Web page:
Apple launched its own iAd mobile advertising platform in 2011 and began blocking by default web cookies "from third parties and advertisers" in Safari on the desktop, a move that threatened Google's core advertising business.
When Google attempted to secretly work around the block, it was hit with negative publicity and the largest fine in the history of the Federal Trade Commission.
Apple also began efforts to work with Google's search competitors, partnering with Baidu in China and adding Microsoft Bing and Yahoo search options to the Safari browser. At the end of 2011, Apple launched Siri, taking on Google web search and the company's voice-based services at the same time. For iOS 7, Apple has further outlined plans to have Siri provide users with Bing results by default.
In 2012 Apple hit Google again with the surprise launch of its own Maps, the culmination of years of work and mapping-related acquisitions. Next year, Apple plans to roll out iOS in the Car, combining Siri and Maps to deliver an automotive product that, had Android never existed, would otherwise likely have been a huge partnership opportunity between Apple and Google.
Google now has to enter the automotive market on its own. After failed attempts to bring Android into tablets, home automation and TV, that would appear to be a difficult task.
Industry observers have also described the Motorola purchase as an effort to prevent Android's only exclusive licensee from joining Microsoft in a Nokia-like licensing deal to adopt Windows Phone, and a way to prevent Motorola from using its patents against other Android licensees. Motorola's executives threatened to do both prior to being bought out by Google.
In addition, Google presented its $12.5 billion acquisition plan as a way for Google to gain its own hardware expertise, stating that the deal would "supercharge Android, enhance competition, and offer wonderful user experiences."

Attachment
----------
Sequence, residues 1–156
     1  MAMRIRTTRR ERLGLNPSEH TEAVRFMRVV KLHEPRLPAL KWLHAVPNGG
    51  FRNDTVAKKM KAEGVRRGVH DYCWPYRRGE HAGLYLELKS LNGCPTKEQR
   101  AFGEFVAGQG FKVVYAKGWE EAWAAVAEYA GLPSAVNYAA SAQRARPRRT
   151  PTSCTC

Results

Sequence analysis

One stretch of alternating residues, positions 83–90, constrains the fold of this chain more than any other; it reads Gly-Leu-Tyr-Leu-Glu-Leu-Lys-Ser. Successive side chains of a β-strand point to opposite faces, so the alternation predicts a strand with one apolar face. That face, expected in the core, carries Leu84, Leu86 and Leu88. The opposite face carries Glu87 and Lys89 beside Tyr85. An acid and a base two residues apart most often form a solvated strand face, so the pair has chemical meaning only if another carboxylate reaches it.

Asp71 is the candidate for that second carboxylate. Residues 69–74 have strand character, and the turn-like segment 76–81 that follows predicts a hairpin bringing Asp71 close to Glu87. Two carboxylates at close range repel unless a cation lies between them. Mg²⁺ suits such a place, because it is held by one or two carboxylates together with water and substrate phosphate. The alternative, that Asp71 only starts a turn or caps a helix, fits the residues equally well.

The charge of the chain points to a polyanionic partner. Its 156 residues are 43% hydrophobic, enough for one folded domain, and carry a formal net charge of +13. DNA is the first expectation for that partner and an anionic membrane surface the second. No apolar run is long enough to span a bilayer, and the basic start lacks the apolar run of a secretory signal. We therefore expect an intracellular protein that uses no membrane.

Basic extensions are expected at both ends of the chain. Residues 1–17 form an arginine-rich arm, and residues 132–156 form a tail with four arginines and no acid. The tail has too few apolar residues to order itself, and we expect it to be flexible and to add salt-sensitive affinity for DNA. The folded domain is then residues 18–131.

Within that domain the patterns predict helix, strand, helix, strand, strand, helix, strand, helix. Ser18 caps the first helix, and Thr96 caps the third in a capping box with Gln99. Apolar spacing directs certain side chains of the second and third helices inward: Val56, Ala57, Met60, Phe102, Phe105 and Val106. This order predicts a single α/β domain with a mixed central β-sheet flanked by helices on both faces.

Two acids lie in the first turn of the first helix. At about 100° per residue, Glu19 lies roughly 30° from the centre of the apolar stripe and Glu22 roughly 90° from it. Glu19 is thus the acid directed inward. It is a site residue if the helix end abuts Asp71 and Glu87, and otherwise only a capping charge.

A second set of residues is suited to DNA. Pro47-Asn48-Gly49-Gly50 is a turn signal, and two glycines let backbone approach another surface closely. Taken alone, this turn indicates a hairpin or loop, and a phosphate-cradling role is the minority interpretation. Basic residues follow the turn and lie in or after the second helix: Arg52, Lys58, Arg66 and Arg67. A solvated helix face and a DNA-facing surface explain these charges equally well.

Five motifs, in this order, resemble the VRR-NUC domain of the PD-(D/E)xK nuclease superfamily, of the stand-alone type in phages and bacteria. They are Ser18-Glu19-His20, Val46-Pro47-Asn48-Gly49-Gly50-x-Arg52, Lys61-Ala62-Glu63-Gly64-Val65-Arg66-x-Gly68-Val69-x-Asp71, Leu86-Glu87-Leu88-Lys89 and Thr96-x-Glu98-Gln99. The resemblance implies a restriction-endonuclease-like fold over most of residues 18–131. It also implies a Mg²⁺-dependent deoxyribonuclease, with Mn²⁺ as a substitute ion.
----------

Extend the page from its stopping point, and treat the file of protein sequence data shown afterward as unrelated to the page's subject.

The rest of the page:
Shortly after the deal went through, Rubin told reporters he had "nothing to do with" Motorola and that, "I don't even know who's running it."
Rubin also added, "I don't even know anything about their products, I haven't seen anything," and that, "they're going to continue building Motorola branded devices and it's going to be the same team doing it," and, "they're separate from me, and I'm going to continue to do my thing."
Additionally, this February The Verge cited Google's Chief Financial Officer Patrick Pichette as saying that products in Motorola's pipeline were "not really to the standards that what Google would say is 'wow,' innovative, transformative." Android's tainted intellectual property issues
And before that, Rubin had served as a low-level engineer at Apple from 1989 to 1992, where he worked on on technology that Apple now asserts was illegitimately appropriated for use in Google's Android, including the "'263 patent" (unrelated to H.263) it brought against HTC.
U.S. Patent No. 6,343,263, entitled "Real-time signal processing system for serially transmitted data," describes "the use of real-time application programming interfaces (APIs) interposed between application software or driver software and the real-time processing subsystem."
Patent expert Florian Mueller initially described the technology as foundational to Android and "extremely hard" to work around.
Nearly a year after the patent was interpreted in court in Apple's favor at the beginning of 2012, HTC decided to stop fighting and settle, signing a ten-year patent licensing agreement with Apple last November over its use of Android.While Google contributes most of the efforts required to develop and support Android, it makes very little from it.